How Tax Reform under the Tax Cuts and Jobs Act Impacts You – The Latest by Edward N. Cooper, CPA

Posted on December 26, 2017 by Edward Cooper

On Dec. 22, 2017, President Donald Trump signed into law the Tax Cuts and Jobs Act, which represent the most comprehensive legislation reforming the U.S. tax code in more than three decades. The new law, which went into effect on Jan. 1, 2018, makes permanent many provisions affecting businesses while setting a Dec. 31, 2025, expiration date for many of the tax cuts affecting individual taxpayers. While individuals may feel some effects of the reform package in 2018, such as less taxes taken from their paychecks, they will not reflect the full impact of the legislative changes until they file their tax returns in 2019.

These sweeping changes to the tax laws provide opportunities for all taxpayers to reconsider their business structures, tax accounting methods and reporting positions in order maximize the opportunities afforded to them beginning in 2018 under the new act. For example, one of the more talked about strategies is the potential for certain pass-through businesses to convert to C Corporation status in order to take advantage of the lower corporate rates that go into effect and become permanent beginning in 2018. These decisions require careful analysis, and possibly further clarification of the new law, in order to fully maximize opportunity and avoid pitfalls.

While there is no lack of news coverage debating the prospective “winners” and “losers” of the reform package, individuals and business owners should consult with their tax advisors to understand not only how the law may affect them but to also plan for maintaining tax efficiency and compliance under the new regime.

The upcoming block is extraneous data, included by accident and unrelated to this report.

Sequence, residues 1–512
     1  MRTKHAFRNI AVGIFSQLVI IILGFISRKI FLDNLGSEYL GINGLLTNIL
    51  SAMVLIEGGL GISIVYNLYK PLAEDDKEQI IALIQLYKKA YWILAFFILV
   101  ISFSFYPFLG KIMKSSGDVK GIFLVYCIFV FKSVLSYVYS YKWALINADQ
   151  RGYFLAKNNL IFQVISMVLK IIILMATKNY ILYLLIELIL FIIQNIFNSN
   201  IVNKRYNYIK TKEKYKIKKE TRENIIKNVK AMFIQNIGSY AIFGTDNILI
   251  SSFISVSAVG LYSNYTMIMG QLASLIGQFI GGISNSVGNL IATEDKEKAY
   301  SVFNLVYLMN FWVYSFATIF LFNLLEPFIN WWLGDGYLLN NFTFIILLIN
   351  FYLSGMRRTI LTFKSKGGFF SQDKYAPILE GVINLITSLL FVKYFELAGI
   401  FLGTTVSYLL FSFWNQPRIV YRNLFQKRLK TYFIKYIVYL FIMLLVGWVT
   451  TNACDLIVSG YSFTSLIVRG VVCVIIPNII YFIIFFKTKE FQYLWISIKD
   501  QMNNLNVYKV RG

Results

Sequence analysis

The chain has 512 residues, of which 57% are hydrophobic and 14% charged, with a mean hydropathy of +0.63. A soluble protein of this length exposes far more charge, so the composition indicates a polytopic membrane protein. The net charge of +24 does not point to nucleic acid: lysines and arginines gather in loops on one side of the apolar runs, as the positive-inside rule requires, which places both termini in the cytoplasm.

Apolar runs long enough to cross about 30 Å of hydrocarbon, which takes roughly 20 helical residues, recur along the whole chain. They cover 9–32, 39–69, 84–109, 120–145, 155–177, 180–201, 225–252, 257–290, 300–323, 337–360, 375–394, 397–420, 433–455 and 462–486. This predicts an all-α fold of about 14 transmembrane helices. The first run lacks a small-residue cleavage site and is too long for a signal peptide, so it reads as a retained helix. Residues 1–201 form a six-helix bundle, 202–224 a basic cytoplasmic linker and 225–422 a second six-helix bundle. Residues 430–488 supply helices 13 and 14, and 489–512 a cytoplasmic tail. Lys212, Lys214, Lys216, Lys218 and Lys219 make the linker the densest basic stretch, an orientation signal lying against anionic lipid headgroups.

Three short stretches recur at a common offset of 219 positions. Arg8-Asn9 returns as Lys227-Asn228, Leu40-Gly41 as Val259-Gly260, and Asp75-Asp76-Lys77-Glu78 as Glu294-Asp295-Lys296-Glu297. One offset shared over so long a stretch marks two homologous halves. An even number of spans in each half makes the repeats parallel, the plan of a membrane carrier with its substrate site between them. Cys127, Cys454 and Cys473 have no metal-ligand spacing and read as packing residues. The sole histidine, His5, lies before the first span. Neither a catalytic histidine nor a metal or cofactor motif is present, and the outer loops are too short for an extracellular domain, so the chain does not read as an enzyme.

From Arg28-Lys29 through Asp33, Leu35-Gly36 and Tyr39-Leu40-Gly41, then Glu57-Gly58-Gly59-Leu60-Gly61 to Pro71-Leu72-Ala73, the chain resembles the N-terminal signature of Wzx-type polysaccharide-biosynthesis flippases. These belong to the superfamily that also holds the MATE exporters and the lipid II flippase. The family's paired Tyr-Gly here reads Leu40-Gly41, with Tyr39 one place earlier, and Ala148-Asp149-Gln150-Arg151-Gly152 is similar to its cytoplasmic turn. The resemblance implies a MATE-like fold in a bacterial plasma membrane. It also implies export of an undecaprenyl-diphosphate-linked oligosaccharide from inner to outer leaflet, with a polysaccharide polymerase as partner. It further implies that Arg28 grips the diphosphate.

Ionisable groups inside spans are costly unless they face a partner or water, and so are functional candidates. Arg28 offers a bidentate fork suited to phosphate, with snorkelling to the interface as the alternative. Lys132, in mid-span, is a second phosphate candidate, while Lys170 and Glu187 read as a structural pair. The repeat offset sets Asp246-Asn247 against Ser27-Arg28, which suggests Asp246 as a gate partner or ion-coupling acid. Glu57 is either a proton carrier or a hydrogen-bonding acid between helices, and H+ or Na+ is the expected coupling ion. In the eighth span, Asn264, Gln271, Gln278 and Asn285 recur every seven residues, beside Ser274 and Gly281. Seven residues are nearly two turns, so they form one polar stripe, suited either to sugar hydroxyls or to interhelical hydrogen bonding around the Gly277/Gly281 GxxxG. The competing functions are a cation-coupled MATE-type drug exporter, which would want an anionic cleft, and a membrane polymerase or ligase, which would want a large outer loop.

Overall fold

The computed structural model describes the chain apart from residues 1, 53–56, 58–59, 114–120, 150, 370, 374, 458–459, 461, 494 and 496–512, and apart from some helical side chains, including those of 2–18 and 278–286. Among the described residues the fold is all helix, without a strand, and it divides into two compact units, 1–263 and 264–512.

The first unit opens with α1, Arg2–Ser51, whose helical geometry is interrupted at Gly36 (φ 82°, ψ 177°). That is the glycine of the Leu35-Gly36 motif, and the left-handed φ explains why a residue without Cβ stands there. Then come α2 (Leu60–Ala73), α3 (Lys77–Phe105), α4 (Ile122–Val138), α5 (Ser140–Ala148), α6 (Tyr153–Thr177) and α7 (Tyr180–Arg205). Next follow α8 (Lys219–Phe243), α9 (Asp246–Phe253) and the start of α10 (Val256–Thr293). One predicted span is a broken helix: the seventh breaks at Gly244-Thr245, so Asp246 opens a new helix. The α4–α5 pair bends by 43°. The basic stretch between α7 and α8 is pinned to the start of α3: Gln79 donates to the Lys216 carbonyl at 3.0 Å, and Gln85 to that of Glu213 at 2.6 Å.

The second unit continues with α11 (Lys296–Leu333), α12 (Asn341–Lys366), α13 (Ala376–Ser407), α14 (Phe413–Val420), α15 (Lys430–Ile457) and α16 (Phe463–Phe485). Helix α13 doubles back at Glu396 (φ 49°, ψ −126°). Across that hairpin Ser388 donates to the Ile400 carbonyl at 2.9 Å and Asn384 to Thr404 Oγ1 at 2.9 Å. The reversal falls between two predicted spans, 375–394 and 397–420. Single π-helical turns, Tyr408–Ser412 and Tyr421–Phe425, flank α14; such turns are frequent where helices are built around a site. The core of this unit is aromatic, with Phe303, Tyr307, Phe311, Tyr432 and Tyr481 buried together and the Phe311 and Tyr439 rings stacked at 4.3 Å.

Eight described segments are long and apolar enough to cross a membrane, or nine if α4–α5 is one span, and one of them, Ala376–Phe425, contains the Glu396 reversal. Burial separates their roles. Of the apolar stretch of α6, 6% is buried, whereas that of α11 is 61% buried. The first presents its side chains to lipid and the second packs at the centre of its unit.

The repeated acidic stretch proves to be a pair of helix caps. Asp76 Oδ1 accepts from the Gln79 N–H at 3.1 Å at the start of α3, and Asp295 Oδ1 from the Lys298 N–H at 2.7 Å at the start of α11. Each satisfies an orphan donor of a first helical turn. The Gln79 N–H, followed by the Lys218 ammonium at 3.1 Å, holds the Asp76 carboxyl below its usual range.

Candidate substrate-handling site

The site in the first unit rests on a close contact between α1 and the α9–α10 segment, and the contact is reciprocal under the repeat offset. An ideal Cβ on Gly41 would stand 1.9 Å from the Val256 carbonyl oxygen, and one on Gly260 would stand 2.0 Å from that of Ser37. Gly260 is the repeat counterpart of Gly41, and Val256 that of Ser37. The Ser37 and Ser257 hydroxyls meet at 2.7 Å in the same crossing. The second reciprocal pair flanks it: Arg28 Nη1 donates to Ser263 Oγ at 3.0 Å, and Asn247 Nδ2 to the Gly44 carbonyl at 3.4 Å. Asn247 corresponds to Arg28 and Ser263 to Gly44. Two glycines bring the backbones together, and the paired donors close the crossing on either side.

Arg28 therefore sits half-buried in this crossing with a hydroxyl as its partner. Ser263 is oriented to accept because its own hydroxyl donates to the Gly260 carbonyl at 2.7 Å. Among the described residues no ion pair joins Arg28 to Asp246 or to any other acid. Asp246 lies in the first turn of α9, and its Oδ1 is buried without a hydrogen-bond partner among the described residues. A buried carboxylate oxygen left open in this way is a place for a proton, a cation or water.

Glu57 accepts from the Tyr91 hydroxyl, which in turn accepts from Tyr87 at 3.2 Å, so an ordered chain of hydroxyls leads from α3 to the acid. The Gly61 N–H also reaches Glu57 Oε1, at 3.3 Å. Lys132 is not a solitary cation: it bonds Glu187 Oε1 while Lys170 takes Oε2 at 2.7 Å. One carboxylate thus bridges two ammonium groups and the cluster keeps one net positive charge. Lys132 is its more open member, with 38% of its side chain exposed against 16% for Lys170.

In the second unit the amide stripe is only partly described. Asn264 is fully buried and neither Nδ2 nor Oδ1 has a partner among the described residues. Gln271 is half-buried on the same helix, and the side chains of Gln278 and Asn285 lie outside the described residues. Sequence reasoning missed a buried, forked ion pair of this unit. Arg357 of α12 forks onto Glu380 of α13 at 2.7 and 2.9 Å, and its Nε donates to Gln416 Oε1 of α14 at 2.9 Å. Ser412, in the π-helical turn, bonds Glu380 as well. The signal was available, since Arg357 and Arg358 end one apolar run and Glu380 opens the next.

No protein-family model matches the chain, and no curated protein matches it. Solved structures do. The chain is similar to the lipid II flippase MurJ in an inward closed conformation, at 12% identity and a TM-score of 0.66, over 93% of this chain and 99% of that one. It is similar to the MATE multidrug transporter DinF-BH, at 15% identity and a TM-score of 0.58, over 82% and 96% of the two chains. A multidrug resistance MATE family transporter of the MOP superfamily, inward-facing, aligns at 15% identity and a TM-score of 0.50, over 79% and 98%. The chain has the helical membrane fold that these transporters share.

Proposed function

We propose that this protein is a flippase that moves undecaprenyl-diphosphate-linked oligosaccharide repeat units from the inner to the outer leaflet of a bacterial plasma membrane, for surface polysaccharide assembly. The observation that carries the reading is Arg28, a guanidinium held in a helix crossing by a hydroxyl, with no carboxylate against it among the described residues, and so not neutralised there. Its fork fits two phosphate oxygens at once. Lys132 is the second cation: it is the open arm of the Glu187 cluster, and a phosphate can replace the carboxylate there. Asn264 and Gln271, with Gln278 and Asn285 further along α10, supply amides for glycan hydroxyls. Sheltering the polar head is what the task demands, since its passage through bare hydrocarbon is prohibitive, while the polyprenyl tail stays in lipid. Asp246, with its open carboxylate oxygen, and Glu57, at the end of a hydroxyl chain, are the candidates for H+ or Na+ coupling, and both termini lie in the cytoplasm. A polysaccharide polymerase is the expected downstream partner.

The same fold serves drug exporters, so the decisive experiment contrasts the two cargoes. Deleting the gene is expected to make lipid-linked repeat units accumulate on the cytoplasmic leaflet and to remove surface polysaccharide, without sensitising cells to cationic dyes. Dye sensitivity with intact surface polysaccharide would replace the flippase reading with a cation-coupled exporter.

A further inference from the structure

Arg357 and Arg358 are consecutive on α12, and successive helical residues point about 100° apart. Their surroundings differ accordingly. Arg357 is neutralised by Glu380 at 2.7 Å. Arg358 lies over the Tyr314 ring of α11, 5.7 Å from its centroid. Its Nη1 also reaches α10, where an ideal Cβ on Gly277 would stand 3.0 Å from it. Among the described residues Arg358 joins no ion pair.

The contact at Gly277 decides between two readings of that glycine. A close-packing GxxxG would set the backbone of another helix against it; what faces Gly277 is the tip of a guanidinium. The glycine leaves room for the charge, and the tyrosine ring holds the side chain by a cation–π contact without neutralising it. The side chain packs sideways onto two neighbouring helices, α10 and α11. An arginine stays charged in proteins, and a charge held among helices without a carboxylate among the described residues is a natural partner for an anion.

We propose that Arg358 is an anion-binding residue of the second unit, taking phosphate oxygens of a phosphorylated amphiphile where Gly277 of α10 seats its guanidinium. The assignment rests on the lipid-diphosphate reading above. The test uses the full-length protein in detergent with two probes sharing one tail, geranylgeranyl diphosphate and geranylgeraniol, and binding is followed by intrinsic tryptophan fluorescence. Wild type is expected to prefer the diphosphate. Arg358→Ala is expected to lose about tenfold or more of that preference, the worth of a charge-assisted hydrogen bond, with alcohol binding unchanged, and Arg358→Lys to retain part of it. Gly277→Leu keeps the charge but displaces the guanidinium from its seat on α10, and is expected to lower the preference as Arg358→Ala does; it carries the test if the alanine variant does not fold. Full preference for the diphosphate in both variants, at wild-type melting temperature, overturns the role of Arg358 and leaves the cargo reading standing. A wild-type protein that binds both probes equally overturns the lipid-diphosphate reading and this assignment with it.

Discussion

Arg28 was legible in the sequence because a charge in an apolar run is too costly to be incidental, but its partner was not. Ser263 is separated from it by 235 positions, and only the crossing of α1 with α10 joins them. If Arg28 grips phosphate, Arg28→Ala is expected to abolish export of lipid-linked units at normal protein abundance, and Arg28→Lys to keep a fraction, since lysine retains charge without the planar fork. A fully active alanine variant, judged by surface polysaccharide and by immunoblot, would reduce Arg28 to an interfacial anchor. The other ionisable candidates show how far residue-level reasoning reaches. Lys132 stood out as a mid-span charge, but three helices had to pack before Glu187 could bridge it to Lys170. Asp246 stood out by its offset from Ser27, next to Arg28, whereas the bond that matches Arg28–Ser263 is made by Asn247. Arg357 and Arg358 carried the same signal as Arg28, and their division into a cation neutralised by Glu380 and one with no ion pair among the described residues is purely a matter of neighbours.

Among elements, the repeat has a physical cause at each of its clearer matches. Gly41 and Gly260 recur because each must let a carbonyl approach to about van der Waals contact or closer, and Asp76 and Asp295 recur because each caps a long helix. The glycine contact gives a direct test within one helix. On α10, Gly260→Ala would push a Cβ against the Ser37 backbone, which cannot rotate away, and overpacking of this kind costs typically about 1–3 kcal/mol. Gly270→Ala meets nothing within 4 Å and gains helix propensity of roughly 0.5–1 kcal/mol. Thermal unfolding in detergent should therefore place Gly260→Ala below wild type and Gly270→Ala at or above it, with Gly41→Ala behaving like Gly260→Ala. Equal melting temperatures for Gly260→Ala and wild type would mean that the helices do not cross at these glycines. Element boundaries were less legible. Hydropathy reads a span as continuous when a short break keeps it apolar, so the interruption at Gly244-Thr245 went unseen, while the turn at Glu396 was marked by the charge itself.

The tax advisors with Berkowitz Pollack Brant are working closely with clients to evaluate their existing business structures, project out future tax liabilities under alternative scenarios and recommend potential changes to their business structures, reporting positions and operational policies and procedures.

Following are the key provisions contained in the Tax Cuts and Jobs Act. If you have any questions, please contact your accountants and advisors with Berkowitz Pollack Brant.


About the Author: Edward N. Cooper, CPA, is director-in-charge of Tax Services with Berkowitz Pollack Brant, where he provides business- and tax-consulting services to real estate entities, multi-national companies, investment funds and high-net-worth individuals. He can be reached at the CPA firm’s Ft. Lauderdale, Fla., office at (954) 712-7000 or via email at